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Anthony R. Birley

Aelius Antipater sophist, of Phrygian Hierapolis, ab epistulis Graecis (‘secretary for Greek correspondence’) of *Severus, teacher of the emperor's sons, was made a senator with consular rank and governed Bithynia. He wrote a history of Severus. Took his own life after the murder of *Geta.

Article

Anthony R. Birley

Aelius Caesar, Lucius, *Hadrian's first choice as successor, formerly L. Ceionius (RE 7) Commodus, son and grandson of the homonymous consuls of ce 78 and 106, was himself consul in 136, probably aged 32; in the same year he was adopted by Hadrian, given the tribunicia potestas, and sent to govern the two Pannonias with proconsular imperium, becoming consul for the second time in 137. After his sudden death on 1 January 138, his son (later called L. *Verus) and prospective son-in-law (the future *Marcus Aurelius) were adopted by Hadrian's second choice as heir, *Antoninus Pius.

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Against imperial policy, while governor of Moesia he dealt harshly with the *Goths, and was proclaimed emperor by his army. He marched on Italy, overthrew *Trebonianus Gallus, but was soon killed by his own troops, panicked by the approach of *Valerian. The civil strife of 253 exposed Greece to Gothic invasion.

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Wrote (lost) commentaries on *Terence, *Sallust, and *Virgil, perhaps with a separate discussion of Virgilian grammar. The fragments (ed. Wessner, 1905) suggest a learned and sensible critic; Aelius *Donatus (1) borrowed freely from him. *Priscian cited him as an authority de verbo, but the extant artes (see ars) attributed to an ‘Asper’ (Keil, Gramm.

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Theodore John Cadoux and Robin Seager

Aemilius Lepidus, Manius, probably a grandson of M. *Aemilius Lepidus (3), the triumvir, and of Faustus *Cornelius Sulla and Pompeia, daughter of *Pompey, was consul ce 11, defended his sister Lepida in 20 and was appointed proconsul of Asia (21–2) despite objections on the score of his poverty and inactive disposition. His daughter Lepida married *Galba, the future emperor.

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Aemilius, Marcus, was a member of the embassy sent to the east in 201–200 bce, during the course of which he delivered the Roman ultimatum to *Philip (3) V at Abydos; the story (Val. Max. 6. 6. 1; Just. 30. 3. 4) that he was sent to Egypt as tutor (guardian) to the young Ptolemy (1) V should be rejected, though it is true that Lepidus later developed close ties with Egypt. He was curule aedile in 193, praetor in Sicily in 191, and reached the consulship in 187, having been defeated in the two previous years, due, he believed, to the influence of his bitter opponent M. *Fulvius Nobilior. As consul he attacked Fulvius' conduct at Ambracia and attempted to block his triumph. He fought successfully in Liguria, and built the *via Aemilia from *Placentia (Piacenza) to *Ariminum (Rimini)—the modern region of Emilia Romagna through which it runs preserves his name. He returned to the area in 183 as a commissioner to found the colonies of *Mutina (Modena) and *Parma.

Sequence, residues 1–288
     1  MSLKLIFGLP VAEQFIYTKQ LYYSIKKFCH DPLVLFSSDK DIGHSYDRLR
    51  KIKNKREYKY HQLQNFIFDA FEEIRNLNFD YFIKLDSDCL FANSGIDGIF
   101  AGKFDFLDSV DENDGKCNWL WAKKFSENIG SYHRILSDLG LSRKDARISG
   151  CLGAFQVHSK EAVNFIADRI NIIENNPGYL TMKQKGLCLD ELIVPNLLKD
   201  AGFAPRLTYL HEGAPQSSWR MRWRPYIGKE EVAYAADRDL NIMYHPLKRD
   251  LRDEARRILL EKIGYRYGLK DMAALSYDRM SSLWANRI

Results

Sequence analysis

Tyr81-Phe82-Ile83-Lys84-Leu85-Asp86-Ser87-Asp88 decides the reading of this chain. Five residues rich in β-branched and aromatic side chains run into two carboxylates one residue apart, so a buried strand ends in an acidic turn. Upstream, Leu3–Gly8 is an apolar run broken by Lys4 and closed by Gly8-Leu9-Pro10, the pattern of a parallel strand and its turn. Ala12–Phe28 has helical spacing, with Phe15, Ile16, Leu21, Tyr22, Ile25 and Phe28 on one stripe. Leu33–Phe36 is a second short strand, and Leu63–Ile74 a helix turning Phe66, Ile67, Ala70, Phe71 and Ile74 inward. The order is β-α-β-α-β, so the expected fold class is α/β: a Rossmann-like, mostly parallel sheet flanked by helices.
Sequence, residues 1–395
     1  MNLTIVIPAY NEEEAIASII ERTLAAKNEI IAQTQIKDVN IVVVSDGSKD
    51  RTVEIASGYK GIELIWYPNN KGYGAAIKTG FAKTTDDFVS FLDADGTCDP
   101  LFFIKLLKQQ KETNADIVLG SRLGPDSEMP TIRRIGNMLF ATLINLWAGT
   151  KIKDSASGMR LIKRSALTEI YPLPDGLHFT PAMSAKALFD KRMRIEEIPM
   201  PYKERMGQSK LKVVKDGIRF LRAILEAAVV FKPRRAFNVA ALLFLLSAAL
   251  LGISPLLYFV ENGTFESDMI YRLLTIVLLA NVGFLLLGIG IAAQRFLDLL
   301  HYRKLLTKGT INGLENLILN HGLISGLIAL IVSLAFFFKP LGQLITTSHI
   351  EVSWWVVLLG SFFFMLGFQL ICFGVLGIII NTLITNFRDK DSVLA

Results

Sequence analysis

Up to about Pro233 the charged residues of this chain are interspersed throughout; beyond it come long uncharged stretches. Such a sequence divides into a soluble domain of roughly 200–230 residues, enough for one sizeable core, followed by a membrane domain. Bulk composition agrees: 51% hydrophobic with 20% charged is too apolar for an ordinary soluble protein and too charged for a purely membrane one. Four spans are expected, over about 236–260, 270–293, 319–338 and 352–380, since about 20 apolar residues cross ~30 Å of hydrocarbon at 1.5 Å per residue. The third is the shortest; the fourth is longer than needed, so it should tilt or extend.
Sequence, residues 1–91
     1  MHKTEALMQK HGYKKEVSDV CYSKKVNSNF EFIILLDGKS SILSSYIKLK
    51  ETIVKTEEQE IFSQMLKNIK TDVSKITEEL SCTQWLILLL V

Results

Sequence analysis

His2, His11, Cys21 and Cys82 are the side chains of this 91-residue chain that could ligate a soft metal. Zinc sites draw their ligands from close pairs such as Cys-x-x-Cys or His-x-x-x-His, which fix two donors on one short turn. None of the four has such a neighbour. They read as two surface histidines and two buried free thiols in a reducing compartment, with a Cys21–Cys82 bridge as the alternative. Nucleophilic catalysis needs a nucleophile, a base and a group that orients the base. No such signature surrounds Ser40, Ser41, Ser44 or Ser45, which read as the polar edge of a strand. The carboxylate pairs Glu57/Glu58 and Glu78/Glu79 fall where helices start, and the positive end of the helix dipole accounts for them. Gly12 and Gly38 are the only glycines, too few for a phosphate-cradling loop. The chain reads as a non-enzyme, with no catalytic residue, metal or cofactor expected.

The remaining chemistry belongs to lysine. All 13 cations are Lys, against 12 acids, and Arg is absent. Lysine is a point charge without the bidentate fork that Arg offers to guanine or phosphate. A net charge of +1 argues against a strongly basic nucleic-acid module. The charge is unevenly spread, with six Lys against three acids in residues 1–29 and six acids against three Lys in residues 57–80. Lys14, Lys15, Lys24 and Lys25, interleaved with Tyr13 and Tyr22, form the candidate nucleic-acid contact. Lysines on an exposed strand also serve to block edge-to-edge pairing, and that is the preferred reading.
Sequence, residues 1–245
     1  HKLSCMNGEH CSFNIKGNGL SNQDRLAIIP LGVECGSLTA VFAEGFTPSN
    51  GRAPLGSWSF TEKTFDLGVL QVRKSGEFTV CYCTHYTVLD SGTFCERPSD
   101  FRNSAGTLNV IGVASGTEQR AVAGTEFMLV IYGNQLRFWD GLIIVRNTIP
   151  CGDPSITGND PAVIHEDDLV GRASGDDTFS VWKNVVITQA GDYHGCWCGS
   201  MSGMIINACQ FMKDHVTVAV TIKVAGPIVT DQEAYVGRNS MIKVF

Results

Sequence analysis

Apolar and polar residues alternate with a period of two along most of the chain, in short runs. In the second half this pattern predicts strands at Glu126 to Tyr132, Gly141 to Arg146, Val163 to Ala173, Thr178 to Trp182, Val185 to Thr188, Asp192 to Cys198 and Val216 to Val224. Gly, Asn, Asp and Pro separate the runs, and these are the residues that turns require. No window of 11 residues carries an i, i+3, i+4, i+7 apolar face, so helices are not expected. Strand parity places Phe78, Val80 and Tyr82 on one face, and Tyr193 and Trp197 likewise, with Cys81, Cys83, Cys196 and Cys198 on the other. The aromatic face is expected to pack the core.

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Aemilius, Marcus, descendant of M. *Aemilius Lepidus (1), whose Gallic connections he inherited. After serving under Cn. *Pompeius Strabo, he was probably aedile in *Sulla's absence, joined Sulla (divorcing a wife related to L. *Appuleius Saturninus), and enriched himself in the *proscriptions. Elected consul 78 bce, with *Pompey's support and against Sulla's wishes, with Q. *Lutatius Catulus (2) as colleague, he agitated against Sulla's settlement and after Sulla's death prepared to attack it. As proconsul he held Cisalpina through M. *Iunius Brutus (1), collected forces in Transalpina, and made contact with *Sertorius in Spain. A catapult projectile found at Calahorra confirms his contact with Sertorius (see APh 79, 2005, no. 9202). Marching on Rome, he was defeated by Catulus and fled to Sardinia, where he was defeated by the legate Triarius and died. His followers, under M.

Article

Geoffrey Walter Richardson, Theodore John Cadoux, and Ernst Badian